I'm reading A New Way to Be Human by Charlie Peacock and he talks a lot about how we are born into a story. Our lives are connected with the lives of our genetic, academic, and spiritual ancestors. Our lives carry on what they worked through in their lives which was passed on to them from their ancestors. None of us are isolated from the stories that we enter into.

When we become Christians we enter into a story. It is the story of Israel and of the church. Our lives reflect what has occurred before our time and we continue to work out our faith to impact those who will come. Thus the study of history is incredibly important for the disciple of Jesus. Understanding how Jesus entered into the story of the Jewish people is important because it is our story. In the same way, understanding how Jesus has changed the religion of Yahweh (spanning both Jewish heritage through today's church) is also important.

There are two reasons why I think this is important. First of all, it puts our life into proper perspective. We see Christianity not as a means of moral development but of history changing. Our lives will be the way that we can change history for the better or the worse. Our glories and failures are not independent of the Story. The story perspective is also important because it gives us the means through which we can measure ourselves. By seeing the wrongs that the Jews and the church has committed we can try to correct these from happening again. We also learn from their successes and we follow in the patterns they have set behind us.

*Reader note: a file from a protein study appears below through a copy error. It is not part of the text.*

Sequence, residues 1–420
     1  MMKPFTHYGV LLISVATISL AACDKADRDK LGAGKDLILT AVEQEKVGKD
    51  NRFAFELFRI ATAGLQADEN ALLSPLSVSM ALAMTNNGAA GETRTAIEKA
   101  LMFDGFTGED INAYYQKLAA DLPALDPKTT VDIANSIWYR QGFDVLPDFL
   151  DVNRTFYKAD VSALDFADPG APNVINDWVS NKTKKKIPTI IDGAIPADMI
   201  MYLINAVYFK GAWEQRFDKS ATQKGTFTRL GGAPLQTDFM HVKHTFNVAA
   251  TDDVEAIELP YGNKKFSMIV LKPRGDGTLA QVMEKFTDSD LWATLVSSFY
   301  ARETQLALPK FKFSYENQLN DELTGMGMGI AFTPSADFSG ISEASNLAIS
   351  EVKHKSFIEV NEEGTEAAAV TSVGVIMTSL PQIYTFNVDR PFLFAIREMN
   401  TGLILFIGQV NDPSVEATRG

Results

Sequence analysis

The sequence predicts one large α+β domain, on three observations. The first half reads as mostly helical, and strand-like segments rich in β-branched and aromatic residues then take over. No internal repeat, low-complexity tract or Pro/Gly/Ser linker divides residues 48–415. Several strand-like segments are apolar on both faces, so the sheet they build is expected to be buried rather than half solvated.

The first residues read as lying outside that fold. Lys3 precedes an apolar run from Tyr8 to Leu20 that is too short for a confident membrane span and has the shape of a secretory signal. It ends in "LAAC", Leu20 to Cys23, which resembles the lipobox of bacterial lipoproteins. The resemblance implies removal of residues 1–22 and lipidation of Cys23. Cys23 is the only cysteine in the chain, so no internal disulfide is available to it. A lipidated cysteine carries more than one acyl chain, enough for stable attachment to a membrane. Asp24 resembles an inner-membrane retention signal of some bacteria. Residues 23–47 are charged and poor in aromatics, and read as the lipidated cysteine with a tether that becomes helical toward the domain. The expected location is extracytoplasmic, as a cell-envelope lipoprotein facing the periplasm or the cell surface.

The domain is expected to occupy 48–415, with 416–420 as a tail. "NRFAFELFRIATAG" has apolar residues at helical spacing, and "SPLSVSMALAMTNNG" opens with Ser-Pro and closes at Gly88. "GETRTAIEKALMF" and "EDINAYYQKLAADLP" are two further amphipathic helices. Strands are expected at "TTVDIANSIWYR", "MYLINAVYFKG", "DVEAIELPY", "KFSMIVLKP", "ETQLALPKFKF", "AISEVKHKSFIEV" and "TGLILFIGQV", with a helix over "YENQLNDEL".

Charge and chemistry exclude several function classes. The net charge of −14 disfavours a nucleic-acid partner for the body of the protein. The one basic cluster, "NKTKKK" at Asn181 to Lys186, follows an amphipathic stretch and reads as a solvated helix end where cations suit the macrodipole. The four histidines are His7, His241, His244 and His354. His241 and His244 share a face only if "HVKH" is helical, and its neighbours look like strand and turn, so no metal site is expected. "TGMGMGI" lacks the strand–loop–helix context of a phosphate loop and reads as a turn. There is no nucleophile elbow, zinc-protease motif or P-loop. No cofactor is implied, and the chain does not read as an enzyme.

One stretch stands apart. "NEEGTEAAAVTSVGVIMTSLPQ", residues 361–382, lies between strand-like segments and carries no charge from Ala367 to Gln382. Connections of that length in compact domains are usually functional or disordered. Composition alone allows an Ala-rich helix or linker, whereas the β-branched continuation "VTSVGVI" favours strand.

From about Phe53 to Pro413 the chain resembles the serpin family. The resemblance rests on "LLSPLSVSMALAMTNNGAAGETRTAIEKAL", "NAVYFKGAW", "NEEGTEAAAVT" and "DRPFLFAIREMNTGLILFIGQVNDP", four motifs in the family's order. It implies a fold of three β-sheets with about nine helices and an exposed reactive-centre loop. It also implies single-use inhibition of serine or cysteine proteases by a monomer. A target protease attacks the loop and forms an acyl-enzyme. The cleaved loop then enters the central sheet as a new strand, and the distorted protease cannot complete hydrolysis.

Through all this we always realize that there is opportunity to see the Christian story in new ways. We do not simply emulate the behaviors of the past. We reinvent the present and try to to live out Christ-ways in a different manner. We never lose our creative contribution to the Story. We remain humble and in that humble faith try to redefine what it means to be human in the context of the story we find ourselves in.

Tuesday, November 14, 2006

Spirited Bodies